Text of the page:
Article  PubMed  Google Scholar 

  • Gassmann NN, van Elteren HA, Goos TG, Morales CR, Rivera-Ch M, Martin DS, Cabala Peralta P, Passano Del Carpio A, Aranibar Machaca S, Huicho L, Reiss IK, Gassmann M, de Jonge RC (2016) Pregnancy at high altitude in the Andes leads to increased total vessel density in healthy newborns. J Appl Physiol 121:709–715

    Article  PubMed  Google Scholar 

  • Gibson AR, Ojiambo R, Konstabel K, Lieberman DE, Reilly JJ, Speakman JR, Pitsiladis YP (2013) Aerobic capacity, activity levels and daily energy expenditure in male and female adolescents of the Kenyan Nandi Sub-Group. PLoS One 8:e66552

    Article  CAS  PubMed  PubMed Central  Google Scholar 

  • Hirasawa A, Yanagisawa S, Tanaka N, Funane T, Kiguchi M, Sørensen H, Secher NH, Ogoh S (2015) Influence of skin blood flow and source-detector distance on near-infrared spectroscopy-determined cerebral oxygenation in humans. Clin Physiol Funct Imaging 35:237–244

    Article  CAS  PubMed  Google Scholar 

  • Hopkins WG, Marshall SW, Batterham AM, Hanin J (2009) Progressive statistics for studies in sports medicine and exercise science. Med Sci Sports Exerc 41:3–13

    Article  PubMed  Google Scholar 

  • Ide K, Horn A, Secher NH (1999) Cerebral metabolic response to submaximal exercise. J Appl Physiol 87:1604–1608

    CAS  PubMed  Google Scholar 

  • Julian CG, Vargas E, Armaza JF, Wilson MJ, Niermeyer S, Moore LG (2007) High-altitude ancestry protects against hypoxia-associated reductions in fetal growth. Arch Dis Child Fetal Neonatal Ed 92:F372–F377

    Article  PubMed  PubMed Central  Google Scholar 

  • Julian CG, Wilson MJ, Moore LG (2009) Evolutionary adaptation to high altitude: a view from in utero. Am J Hum Biol 21:614–622

    Article  PubMed  PubMed Central  Google Scholar 

  • Kunimasa Y, Sano K, Oda T, Nicol C, Komi PV, Locatelli E, Ito A, Ishikawa M (2014) Specific muscle-tendon architecture in elite Kenyan distance runners. Scand J Med Sci Sports 24:e269–e274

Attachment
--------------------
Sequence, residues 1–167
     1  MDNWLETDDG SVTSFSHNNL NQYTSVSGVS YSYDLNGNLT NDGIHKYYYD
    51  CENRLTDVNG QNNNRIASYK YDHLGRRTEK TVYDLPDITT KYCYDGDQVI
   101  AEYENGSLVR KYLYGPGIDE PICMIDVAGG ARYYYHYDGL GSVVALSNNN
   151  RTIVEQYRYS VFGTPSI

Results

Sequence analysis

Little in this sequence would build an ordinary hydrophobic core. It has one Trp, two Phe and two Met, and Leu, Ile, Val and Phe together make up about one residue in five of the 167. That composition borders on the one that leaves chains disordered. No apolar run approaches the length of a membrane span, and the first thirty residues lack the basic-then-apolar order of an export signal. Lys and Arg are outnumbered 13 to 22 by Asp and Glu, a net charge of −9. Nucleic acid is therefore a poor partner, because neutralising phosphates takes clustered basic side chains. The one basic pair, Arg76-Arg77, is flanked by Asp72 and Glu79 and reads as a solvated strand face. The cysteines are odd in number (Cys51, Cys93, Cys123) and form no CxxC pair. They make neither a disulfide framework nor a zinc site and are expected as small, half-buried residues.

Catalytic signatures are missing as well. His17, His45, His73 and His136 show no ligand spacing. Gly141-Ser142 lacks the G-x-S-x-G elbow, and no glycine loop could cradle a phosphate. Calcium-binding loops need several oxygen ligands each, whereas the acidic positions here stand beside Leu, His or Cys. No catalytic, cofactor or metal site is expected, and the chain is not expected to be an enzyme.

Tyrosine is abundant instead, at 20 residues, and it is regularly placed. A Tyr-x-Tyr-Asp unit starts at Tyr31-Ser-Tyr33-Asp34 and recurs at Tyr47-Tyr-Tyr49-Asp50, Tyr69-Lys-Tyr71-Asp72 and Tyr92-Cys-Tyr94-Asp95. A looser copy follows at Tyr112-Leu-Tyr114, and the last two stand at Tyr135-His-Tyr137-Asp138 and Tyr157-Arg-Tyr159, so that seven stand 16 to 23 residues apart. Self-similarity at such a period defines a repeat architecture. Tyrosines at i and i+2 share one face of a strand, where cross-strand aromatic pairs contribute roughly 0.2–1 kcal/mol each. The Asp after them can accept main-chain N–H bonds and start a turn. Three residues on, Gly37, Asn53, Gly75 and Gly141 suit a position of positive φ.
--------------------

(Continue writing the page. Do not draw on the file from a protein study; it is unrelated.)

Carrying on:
Article  CAS  PubMed  Google Scholar 

  • Manners J (1997) Kenya’s running tribe. Sports Hist 17:14–27

    Article  Google Scholar 

  • Mattocks C, Deere K, Leary S, Ness A, Tilling K, Blair SN, Riddoch C (2008) Early life determinants of physical activity in 11 to 12 year olds: cohort study. Br J Sports Med 42:721–724

    PubMed  Google Scholar 

  • Nielsen HB, Boushel R, Madsen P, Secher NH (1999) Cerebral desaturation during exercise reversed by O2 supplementation. Am J Physiol 277:H1045–H1052

    CAS  PubMed  Google Scholar 

  • Onywera VO, Scott RA, Boit MK, Pitsiladis YP (2006) Demographic characteristics of elite Kenyan endurance runners. J Sports Sci 24:415–422

    Article  PubMed  Google Scholar 

  • Pearce WJ, Butler SM, Abrassart JM, Williams JM (2011) Fetal cerebral oxygenation: the homeostatic role of vascular adaptations to hypoxic stress. Adv Exp Med Biol 701:225–232

    Article  CAS  PubMed  PubMed Central  Google Scholar 

  • Perrey S (2008) Non-invasive NIR spectroscopy of human brain function during exercise. Methods 45:289–299

    Article  CAS  PubMed  Google Scholar 

  • Rasmussen P, Nielsen J, Overgaard M, Krogh-Madsen R, Gjedde A, Secher NH, Petersen NC (2010) Reduced muscle activation during exercise related to brain oxygenation and metabolism in humans. J Physiol 588:1985–1995

    Article  CAS  PubMed  PubMed Central  Google Scholar 

  • Rogers RL, Meyer JS, Mortel KF (1990) After reaching retirement age physical activity sustains cerebral perfusion and cognition. J Am Geriatr Soc 38:123–128

    Article  CAS  PubMed  Google Scholar 

  • Romer LM, Haverkamp HC, Lovering AT, Pegelow DF, Dempsey JA (2006) Effect of exercise-induced arterial hypoxemia on quadriceps muscle fatigue in healthy humans. Am J Physiol Regul Integr Comp Physiol 290:R365–R375

    Article  CAS  PubMed  Google Scholar 

  • Rupp T, Perrey S (2008) Prefrontal cortex oxygenation and neuromuscular responses to exhaustive exercise. Eur J Appl Physiol 102:153–163

    PubMed  Google Scholar 

  • Saltin B, Kim CK, Terrados N, Larsen H, Svedenhag J, Rolf CJ (1995) Morphology, enzyme activities and buffer capacity in leg muscles of Kenyan and Scandinavian runners. Scand J Med Sci Sport 5:222–230

    Article  CAS  Google Scholar 

  • Sano K, Ishikawa M, Nobue A, Danno Y, Akiyama M, Oda T, Ito A, Hoffrén M, Nicol C, Locatelli E, Komi PV (2013) Muscle-tendon interaction and EMG profiles of world class endurance runners during hopping. Eur J Appl Physiol 113:1395–1403